For the past week or so, I’d been wondering which album I should talk about today, this kind of being the “end” of Summer (in Texas, however, that end is not so ceremonious, we probably have about 1 1/2 months left of at least 90 degree temperature). Unfortunately, I kind of exhausted that which I would normally consider “Summer” albums, and I was in no position to listen to anything new to try and get some ideas.
Then I remembered that August 31st was my dad’s birthday, so that made things easy. I’m going to write about Hot Tuna in his memory.
Unfortunately, I kind of already wrote about all of Dad’s favorite albums, so what we’re left with is:
Ha ha wow that cover.
Really though, The Phosphorescent Rat is nowhere near a bad album. It’s basically the transition album between Burgers and America’s Choice, recorded in 1973, just 3 months after Burgers was released.
For certain, this album was the first to make a temporary seperation from the acoustic blues sound that made Hot Tuna such a favorite among music-obsessed hippies like my dad. Not quite a “rampage” album, this album is kind of unique among its brethren as it features all the same musicians and a few of the same sounds as Burgers, with the notable exception of “Papa John” Creach (no, not the guy who owns the pizza chain). Interestingly, if not confusingly, he left Hot Tuna for its ex-band, Jefferson Airplane, which Jorma Kaukonen and Jack Casady (the two central members of Hot Tuna) had just left, at which time the Airplane became Jefferson Starship.
Whew, I hate to bring Jefferson Airplane’s lineup changes into this, but it may be of interest to historians that this album marks the first time our Hot Tuna boys have actually made Hot Tuna a full-time gig.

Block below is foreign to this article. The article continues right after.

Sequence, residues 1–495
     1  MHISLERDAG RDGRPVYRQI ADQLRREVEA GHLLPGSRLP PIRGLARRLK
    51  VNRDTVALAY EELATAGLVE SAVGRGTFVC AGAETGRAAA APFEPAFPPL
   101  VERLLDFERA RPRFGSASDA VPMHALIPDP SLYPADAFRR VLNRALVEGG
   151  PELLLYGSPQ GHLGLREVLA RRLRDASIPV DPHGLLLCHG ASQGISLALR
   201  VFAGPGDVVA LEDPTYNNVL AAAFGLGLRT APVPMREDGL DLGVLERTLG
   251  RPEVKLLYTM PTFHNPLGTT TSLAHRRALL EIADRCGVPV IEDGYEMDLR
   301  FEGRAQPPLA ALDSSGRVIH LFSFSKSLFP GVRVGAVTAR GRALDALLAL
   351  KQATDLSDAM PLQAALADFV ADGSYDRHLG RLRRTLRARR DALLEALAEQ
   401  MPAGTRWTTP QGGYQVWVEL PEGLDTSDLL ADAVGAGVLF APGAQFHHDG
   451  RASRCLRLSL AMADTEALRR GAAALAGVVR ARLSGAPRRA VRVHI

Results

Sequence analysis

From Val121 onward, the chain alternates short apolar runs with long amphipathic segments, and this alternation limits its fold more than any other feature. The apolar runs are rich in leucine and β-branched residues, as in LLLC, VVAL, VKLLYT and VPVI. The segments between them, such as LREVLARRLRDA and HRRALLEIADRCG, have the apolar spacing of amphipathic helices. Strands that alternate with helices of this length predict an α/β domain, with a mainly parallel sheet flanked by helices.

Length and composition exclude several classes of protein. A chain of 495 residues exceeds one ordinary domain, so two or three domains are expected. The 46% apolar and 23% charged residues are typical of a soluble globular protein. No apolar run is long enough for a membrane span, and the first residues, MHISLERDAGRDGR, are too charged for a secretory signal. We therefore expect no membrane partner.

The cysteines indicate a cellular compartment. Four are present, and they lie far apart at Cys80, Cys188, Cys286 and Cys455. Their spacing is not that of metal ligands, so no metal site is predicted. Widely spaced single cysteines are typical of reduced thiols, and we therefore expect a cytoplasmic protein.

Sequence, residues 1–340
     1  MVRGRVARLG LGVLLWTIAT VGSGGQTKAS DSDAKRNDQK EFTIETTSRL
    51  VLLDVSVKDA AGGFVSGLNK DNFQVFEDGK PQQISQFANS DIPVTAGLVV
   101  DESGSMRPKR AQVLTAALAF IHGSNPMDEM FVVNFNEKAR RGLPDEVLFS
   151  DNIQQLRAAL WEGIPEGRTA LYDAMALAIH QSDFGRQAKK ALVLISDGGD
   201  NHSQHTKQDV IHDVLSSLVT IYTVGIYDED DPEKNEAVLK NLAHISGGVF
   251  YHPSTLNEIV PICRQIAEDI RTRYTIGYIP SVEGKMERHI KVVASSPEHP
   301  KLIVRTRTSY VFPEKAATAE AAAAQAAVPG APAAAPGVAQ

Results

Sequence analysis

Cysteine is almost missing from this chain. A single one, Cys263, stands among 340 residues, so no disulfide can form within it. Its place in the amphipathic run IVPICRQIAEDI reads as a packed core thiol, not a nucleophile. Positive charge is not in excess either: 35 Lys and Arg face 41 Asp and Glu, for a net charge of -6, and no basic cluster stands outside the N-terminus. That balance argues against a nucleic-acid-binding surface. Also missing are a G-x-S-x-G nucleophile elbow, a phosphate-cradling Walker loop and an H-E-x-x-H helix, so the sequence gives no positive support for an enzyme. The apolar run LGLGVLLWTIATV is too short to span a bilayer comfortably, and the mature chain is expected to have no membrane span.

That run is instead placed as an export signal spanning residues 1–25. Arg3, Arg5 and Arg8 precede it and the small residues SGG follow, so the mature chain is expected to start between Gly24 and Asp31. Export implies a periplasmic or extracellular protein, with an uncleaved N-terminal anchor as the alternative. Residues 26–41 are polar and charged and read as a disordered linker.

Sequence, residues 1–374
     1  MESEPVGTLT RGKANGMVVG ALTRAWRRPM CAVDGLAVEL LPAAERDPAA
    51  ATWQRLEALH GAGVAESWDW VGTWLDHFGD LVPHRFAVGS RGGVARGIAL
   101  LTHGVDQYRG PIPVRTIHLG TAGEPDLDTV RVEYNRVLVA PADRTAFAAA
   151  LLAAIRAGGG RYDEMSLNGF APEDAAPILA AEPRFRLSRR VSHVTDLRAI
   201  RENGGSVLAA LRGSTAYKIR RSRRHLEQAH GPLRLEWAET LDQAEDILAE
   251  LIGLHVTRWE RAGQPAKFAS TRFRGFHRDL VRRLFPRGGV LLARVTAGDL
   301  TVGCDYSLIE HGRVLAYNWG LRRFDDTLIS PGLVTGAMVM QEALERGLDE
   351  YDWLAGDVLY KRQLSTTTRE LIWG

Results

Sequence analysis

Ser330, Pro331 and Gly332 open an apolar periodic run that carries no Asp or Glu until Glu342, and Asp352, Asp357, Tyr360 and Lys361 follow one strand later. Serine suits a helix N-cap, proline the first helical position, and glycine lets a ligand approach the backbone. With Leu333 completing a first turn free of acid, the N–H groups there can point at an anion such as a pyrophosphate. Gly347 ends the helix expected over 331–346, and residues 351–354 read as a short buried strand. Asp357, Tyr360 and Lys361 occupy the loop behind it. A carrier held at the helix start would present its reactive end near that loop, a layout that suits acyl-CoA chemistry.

Something else that may be of interest is that this album sounds almost Airplane-ish in its production standards. There is a noticable gain in echo and a blend of folksy blues music and heavy rock that seems more strange and sometimes even incongruousat times. A good example of this is in the song “Day To Day Out The Window Blues”, which seems like it should be a folky song by its lyrics and tune and the acoustic guitar strumming throughout, but this badass electric guitar solo kind of takes over at some point and sort of swallows everything up.
Of course, I am not really complaining, because the electric guitar has always snuck into Hot Tuna songs in all but their first album. Still, the sense that the meandering electric leads are really taking a front seat in the Hot Tuna vehicle and can appear several times louder than the delicate and awesome acoustic finger-picking and even Jack Casady’s thunderous and yet also delicate bass kind of takes the songs in a direction away from snappy, punchy songs like “Keep On Truckin’ Mama”, and into songs like “In The Kingdom”, in which I swear you can only hear the acoustic guitar if you’re using reasonably nice headphones that can seperate the instruments a little better.